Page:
(Gray News) – Early Phase 1 trials of an HIV vaccine have started, Moderna announced Thursday.
The vaccine under development uses mRNA, or messenger RNA, to provoke an immune response.
First doses were given Thursday at George Washington University School of Medicine and Health Sciences in Washington, D.C. The trials will be taking place at Hope Clinic of Emory Vaccine Center in Atlanta, Fred Hutchinson Cancer Research Center in Seattle and the University of Texas-Health Science Center at San Antonio.
The tests will involve 56 healthy, HIV-negative adult volunteers, who will all be given various doses of the vaccine, some even getting a booster, to see if they provoke a sufficient immune response. Researchers will monitor the vaccine for safety and usefulness for six months after the last shot.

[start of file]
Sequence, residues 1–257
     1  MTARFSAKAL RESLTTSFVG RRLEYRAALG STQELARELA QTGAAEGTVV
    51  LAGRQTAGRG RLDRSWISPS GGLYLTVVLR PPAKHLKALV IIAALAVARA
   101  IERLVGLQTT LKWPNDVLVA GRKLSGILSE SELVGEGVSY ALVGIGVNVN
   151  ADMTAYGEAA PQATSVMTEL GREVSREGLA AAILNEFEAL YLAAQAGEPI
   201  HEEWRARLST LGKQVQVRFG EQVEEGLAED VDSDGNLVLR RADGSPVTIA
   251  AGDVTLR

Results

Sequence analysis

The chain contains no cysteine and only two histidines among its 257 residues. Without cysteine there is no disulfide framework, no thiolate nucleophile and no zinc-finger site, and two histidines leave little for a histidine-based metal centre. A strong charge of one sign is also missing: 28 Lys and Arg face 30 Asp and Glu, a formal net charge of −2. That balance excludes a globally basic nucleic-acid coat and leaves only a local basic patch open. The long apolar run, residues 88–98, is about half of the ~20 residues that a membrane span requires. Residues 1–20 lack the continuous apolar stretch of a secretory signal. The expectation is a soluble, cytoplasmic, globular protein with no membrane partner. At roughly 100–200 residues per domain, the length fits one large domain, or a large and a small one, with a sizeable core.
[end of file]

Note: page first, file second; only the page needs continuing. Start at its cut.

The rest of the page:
There is currently no cure for HIV, the virus that causes AIDS, though people who have it can control it with treatments, the Centers for Disease Control and Prevention said.
Vaccines using mRNA help prime the immune system against targeted viruses and are currently being used in the fight against COVID-19 pandemic.
Moderna is working in partnership with nonprofit scientific research organization IAVI, Scripps Research and the Bill & Melinda Gates Foundation.
“At Moderna, we believe that mRNA offers a unique opportunity to address critical unmet public health needs around the world,” said Stephen Hoge, president of Moderna. “We believe advancing this HIV vaccine program in partnership with IAVI and Scripps Research is an important step in our mission to deliver on the potential for mRNA to improve human health.”
The CDC estimated 1,189,700 people in the U.S. had HIV at the end of 2019, the most recent year known, with about 87% knowing they had HIV.
The South has the highest number of people living with HIV, but when adjusted for population, the Northeast has the highest rate of people living with HIV.
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